We recently demonstrated tumor-selective iodide uptake and therapeutic efficacy of radioiodine in neuroblastoma tumors after systemic nonviral polyplex-mediated sodium iodide symporter (NIS) gene delivery. In the present study, we used novel polyplexes based on linear polyethylenimine (LPEI), polyethylene glycol (PEG), and the synthetic peptide GE11 as an epidermal growth factor receptor (EGFR)-specific ligand to target a NIS-expressing plasmid to hepatocellular carcinoma (HCC) (HuH7). Incubation of HuH7 cells with LPEI-PEG-GE11/NIS polyplexes resulted in a 22-fold increase in iodide uptake, which was confirmed in other cancer cell lines correlating well with EGFR expression levels. Using (123)I-scintigraphy and ex vivo ?-counting, HuH7 xenografts accumulated 6.5-9% injected dose per gram (ID/g) (123)I, resulting in a tumor-absorbed dose of 47 mGray/Megabecquerel (mGy/MBq) (131)Iodide ((131)I) after intravenous (i.v.) application of LPEI-PEG-GE11/NIS. No iodide uptake was observed in other tissues. After pretreatment with the EGFR-specific antibody cetuximab, tumoral iodide uptake was markedly reduced confirming the specificity of EGFR-targeted polyplexes. After three or four cycles of polyplex/(131)I application, a significant delay in tumor growth was observed associated with prolonged survival. These results demonstrate that systemic NIS gene transfer using polyplexes coupled with an EGFR-targeting ligand is capable of inducing tumor-specific iodide uptake, which represents a promising innovative strategy for systemic NIS gene therapy in metastatic cancers.
Rats affected by the MENX multitumor syndrome develop pheochromocytoma (100%). Pheochromocytomas are uncommon tumors and animal models are scarce, hence the interest in MENX rats to identify and preclinically evaluate novel targeted therapies. A prerequisite for such studies is a sensitive and noninvasive detection of MENXassociated pheochromocytoma. We performed positron emission tomography (PET) to determine whether rat pheochromocytomas are detected by tracers used in clinical practice, such as 68Ga-DOTATOC (somatostatin analogue) or (11)C-Hydroxyephedrine (HED), a norepinephrine analogue. We analyzed four affected and three unaffected rats. The PET scan findings were correlated to histopathology and immunophenotype of the tumors, their proliferative index, and the expression of genes coding for somatostatin receptors or the norepinephrine transporter. We observed that mean 68Ga-DOTATOC standard uptake value (SUV) in adrenals of affected animals was 23.3 ± 3.9, significantly higher than in control rats (15.4 ± 7.9; P = .03). The increase in mean tumor-to-liver ratio of (11)C-HED in the MENX-affected animals (1.6 ± 0.5) compared to controls (0.7 ± 0.1) was even more significant (P = .0016). In a unique animal model, functional imaging depicting two pathways important in pheochromocytoma biology discriminated affected animals from controls, thus providing the basis for future preclinical work with MENX rats.
Recent studies indicate a possible relationship between hypothyroidism and breast cancer in vivo. In addition, oestrogen-like effects of thyroid hormones on breast cancer cell growth are seen in vitro. Therefore, this study evaluated thyroid function in breast cancer patients, women with benign breast tumour and healthy controls.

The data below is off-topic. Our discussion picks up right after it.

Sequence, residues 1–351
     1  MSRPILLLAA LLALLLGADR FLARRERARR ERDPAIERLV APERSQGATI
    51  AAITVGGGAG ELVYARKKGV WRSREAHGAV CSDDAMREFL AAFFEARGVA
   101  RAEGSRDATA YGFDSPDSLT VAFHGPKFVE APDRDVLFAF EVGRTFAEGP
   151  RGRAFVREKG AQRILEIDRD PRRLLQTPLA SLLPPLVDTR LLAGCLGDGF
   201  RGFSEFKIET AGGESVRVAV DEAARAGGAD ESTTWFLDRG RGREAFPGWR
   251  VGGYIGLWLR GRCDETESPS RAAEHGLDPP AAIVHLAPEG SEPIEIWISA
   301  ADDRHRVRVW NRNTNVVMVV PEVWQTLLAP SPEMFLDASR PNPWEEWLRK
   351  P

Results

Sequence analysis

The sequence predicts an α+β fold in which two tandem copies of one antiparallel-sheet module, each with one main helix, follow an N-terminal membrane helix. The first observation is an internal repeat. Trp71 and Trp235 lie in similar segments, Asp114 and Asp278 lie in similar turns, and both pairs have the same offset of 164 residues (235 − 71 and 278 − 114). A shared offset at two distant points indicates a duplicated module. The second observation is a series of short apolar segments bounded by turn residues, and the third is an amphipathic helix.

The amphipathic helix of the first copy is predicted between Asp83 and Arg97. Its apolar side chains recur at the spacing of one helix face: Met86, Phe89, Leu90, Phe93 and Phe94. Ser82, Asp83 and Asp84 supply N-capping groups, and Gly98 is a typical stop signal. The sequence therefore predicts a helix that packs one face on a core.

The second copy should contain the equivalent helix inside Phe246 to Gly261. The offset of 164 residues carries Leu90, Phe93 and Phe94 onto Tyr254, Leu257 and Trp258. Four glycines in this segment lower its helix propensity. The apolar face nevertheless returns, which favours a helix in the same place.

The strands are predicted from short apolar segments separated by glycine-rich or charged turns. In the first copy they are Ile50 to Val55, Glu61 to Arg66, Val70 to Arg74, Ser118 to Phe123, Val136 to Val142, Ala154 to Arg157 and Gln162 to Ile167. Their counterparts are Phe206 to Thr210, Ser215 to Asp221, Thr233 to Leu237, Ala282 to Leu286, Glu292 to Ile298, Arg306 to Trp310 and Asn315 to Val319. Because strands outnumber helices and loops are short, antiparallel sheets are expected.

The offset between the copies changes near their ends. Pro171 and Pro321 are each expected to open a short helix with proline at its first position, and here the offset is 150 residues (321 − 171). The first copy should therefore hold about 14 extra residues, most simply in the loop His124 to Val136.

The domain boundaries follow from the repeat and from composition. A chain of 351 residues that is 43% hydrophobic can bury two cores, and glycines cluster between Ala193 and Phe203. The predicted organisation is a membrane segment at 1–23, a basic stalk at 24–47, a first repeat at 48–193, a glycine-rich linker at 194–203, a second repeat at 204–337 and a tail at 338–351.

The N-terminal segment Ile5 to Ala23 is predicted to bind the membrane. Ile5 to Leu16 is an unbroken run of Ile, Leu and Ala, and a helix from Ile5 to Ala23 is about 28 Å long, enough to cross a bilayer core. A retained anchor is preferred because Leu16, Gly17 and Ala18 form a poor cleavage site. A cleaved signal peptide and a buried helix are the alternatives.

The sodium iodide symporter (NIS) mediates the active iodide uptake in the thyroid gland as well as lactating breast tissue. Recently, we reported significant stimulation of all-trans retinoic acid (atRA)-induced NIS expression in the estrogen-receptor positive human breast cancer cell line MCF-7 by dexamethasone (Dex) in vitro and in vivo, which might offer the potential to image and treat breast cancer with radioiodine. In this study, based on its known interaction with the pregnane-X-receptor (PXR) forming a heterodimer with the retinoid-X-receptor (RXR), we examined the effect of carbamazepine (CBZ), a potent activator of PXR, on atRA-induced NIS expression and therapeutic efficacy of (131)I in MCF-7 cells. For this purpose, functional NIS expression in MCF-7 cells was examined by iodide uptake assay, quantitative real-time PCR as well as Western blot analysis, followed by investigation of (131)I cytotoxicity in vitro after incubation with CBZ (4, 25, 100 ?M) in the presence of atRA (1 ?M) with or without Dex (100 nM). Incubation with CBZ stimulated atRA-induced iodide accumulation up to twofold in a concentration-dependent manner, while atRA/Dex-stimulated iodide uptake was further stimulated up to 1.5-fold by additional CBZ treatment based on significantly increased NIS mRNA and protein levels. This stimulatory effect of CBZ was shown to be dependent on the PI3K-Akt pathway without involvement of mTOR. In contrast, treatment with CBZ alone had no effect on functional NIS expression. Moreover, selective cytotoxicity of (131)I was significantly increased from approximately 20% in MCF-7 cells treated with atRA alone to 50% after treatment with CBZ in the presence of atRA, which was further enhanced to 90% after combined treatment with atRA/Dex/CBZ. In conclusion, CBZ represents another potent stimulator of atRA-induced functional NIS expression resulting in an enhanced selective killing effect of (131)I in MCF-7 breast cancer cells.